Late in the morning of the Tuesday
that changed everything, Lt. Heather “Lucky” Penney was on a runway at
Andrews Air Force Base and ready to fly. She had her hand on the
throttle of an F-16 and she had her orders: Bring down United Airlines
Flight 93. The day’s fourth hijacked airliner seemed to be hurtling
toward Washington. Penney, one of the first two combat pilots in the air
that morning, was told to stop it.
The one thing she didn’t have as she
roared into the crystalline sky was live ammunition. Or missiles. Or
anything at all to throw at a hostile aircraft.
Except her own plane. So that was the
Because the surprise attacks were
unfolding, in that innocent age, faster than they could arm war planes,
Penney and her commanding officer went up to fly their jets straight
into a Boeing 757.
“We wouldn’t be shooting it down. We’d
be ramming the aircraft,” Penney recalls of her charge that day. “I
would essentially be a kamikaze pilot.”
For years, Penney, one of the first
generation of female combat pilots in the country, gave no interviews
about her experiences on Sept. 11 (which included, eventually, escorting
Air Force One back into Washington’s suddenly highly restricted
But 10 years later, she is reflecting
on one of the lesser-told tales of that endlessly examined morning: how
the first counterpunch the U.S. military prepared to throw at the
attackers was effectively a suicide mission.
“We had to protect the airspace any
way we could,” she said last week in her office at Lockheed Martin,
where she is a director in the F-35 program.
But none of her thousands of hours in
the air quite compare with the urgent rush of launching on what was
supposed to be a one-way flight to a midair collision.
First of her kind
“I signed up immediately,” she says.
“I wanted to be a fighter pilot like my dad.””
On that Tuesday, they had just finished two weeks of air combat training
in Nevada. They were sitting around a briefing table when someone looked
in to say a plane had hit the World Trade Center in New York. When it
happened once, they assumed it was some yahoo in a Cesna. When it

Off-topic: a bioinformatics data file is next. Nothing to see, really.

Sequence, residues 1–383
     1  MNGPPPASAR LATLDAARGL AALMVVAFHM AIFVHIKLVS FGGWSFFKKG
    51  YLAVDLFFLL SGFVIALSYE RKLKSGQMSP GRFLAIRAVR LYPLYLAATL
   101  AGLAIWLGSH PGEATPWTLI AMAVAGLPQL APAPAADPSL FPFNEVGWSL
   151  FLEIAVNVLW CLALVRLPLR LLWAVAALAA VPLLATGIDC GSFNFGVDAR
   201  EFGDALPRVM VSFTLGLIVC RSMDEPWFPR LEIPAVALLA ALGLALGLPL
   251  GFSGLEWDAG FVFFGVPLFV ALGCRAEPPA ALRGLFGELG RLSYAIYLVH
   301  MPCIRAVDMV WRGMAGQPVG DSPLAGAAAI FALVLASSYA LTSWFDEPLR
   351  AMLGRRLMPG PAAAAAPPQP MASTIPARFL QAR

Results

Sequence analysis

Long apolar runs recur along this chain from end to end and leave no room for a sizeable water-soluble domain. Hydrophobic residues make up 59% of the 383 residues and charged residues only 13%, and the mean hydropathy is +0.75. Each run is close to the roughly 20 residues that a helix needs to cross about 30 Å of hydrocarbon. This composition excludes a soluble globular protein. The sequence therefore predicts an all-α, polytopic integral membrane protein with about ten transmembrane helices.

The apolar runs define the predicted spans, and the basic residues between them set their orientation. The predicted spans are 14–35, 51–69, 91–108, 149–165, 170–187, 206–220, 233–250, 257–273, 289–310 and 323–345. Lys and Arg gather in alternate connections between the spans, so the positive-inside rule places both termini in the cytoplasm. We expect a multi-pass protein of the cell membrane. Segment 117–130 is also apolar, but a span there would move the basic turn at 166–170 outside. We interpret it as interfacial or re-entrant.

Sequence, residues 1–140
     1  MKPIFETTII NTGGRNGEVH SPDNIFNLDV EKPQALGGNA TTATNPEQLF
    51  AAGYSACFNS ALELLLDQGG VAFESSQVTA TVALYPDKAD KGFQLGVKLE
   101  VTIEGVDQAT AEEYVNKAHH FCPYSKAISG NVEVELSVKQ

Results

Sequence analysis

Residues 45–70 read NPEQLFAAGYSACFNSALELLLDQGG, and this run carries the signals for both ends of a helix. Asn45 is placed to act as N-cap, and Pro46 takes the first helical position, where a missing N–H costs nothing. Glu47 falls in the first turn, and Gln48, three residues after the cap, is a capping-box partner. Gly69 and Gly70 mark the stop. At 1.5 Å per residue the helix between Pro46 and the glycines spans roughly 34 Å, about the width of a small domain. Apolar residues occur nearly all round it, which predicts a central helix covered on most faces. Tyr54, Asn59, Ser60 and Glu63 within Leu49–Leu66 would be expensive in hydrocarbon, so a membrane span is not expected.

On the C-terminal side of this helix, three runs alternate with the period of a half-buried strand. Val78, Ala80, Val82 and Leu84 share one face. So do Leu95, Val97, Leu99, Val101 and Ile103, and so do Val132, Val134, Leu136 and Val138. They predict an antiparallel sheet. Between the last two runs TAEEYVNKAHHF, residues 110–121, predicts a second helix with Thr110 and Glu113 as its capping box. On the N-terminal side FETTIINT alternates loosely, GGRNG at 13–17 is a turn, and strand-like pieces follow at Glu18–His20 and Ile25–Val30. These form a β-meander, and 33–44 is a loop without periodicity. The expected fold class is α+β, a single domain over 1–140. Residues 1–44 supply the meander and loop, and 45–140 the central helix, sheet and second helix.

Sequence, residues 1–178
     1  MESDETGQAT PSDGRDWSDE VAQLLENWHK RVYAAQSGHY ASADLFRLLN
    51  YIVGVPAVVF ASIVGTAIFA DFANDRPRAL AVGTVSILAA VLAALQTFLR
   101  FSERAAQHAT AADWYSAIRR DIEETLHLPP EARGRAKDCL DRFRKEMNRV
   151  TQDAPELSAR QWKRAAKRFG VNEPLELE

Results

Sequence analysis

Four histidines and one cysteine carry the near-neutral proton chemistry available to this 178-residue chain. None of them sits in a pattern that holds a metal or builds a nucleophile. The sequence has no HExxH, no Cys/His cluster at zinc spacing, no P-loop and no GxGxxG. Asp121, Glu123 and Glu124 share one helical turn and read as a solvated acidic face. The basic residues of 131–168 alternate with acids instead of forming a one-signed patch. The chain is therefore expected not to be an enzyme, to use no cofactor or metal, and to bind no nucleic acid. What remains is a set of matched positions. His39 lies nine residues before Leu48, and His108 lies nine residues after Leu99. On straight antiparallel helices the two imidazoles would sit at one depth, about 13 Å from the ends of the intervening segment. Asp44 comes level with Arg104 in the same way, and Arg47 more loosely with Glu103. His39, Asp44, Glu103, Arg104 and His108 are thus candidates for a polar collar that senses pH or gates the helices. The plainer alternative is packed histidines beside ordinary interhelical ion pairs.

happened again, they knew it was war.
But the surprise was complete. In the
monumental confusion of those first hours, it was impossible to get
clear orders. Nothing was ready. The jets were still equipped with dummy
bullets from the training mission.
As remarkable as it seems now, there
were no armed aircraft standing by and no system in place to scramble
them over Washington. Before that morning, all eyes were looking
outward, still scanning the old Cold War threat paths for planes and
missiles coming over the polar ice cap.
Things are different today, Degnon
says. At least two “hot-cocked” planes are ready at all times, their
pilots never more than yards from the cockpit.
A third plane hit the Pentagon, and
almost at once came word that a fourth plane could be on the way, maybe
more. The jets would be armed within an hour, but somebody had to fly
now, weapons or no weapons.
“Lucky, you’re coming with me,” barked
Col. Marc Sasseville.
They were gearing up in the pre-flight
life-support area when Sasseville, struggling into his flight suit, met
“I’m going to go for the cockpit,”
She replied without hesitating. “I’ll
take the tail.”
It was a plan. And a pact.
Penney had never scrambled a jet
before. Normally the pre-flight is a half-hour or so of methodical
checks. She automatically started going down the list.
She climbed in, rushed to power up the
engines, screamed for her ground crew to pull the chocks. The crew chief
still had his headphones plugged into the fuselage as she nudged the
throttle forward. He ran along pulling safety pins from the jet as it
She muttered a fighter pilot’s prayer
— “God, don’t let me mess up” — and followed Sasseville into the sky.
They screamed over the smoldering
Pentagon, heading northwest at more than 400 mph, flying low and
scanning the clear horizon. Her commander had time to think about the
best place to hit the enemy.
He also thought about his ejection
seat. Would there be an instant just before impact?
“I was hoping to do both at the same
time,” he says. “It probably wasn’t going to work, but that’s what I was
Penney worried about missing the
target if she tried to bail out.
“If you eject and your jet soars
through without impact . . .” she trails off, the thought of failing
more dreadful than the thought of dying.
But she didn’t have to die. She didn’t
have to knock down an airliner full of kids and salesmen and
girlfriends. They did that themselves.
“The real heroes are the passengers on
Flight 93 who were willing to sacrifice themselves,” Penney says. “I was
just an accidental witness to history.”
She’s a single mom of two girls now.
She still loves to fly. And she still thinks often of that extraordinary
ride down the runway a decade ago.
“I genuinely believed that was going
to be the last time I took off,” she says. “If we did it right, this
would be it.”
Copyright 2011 The Washington Post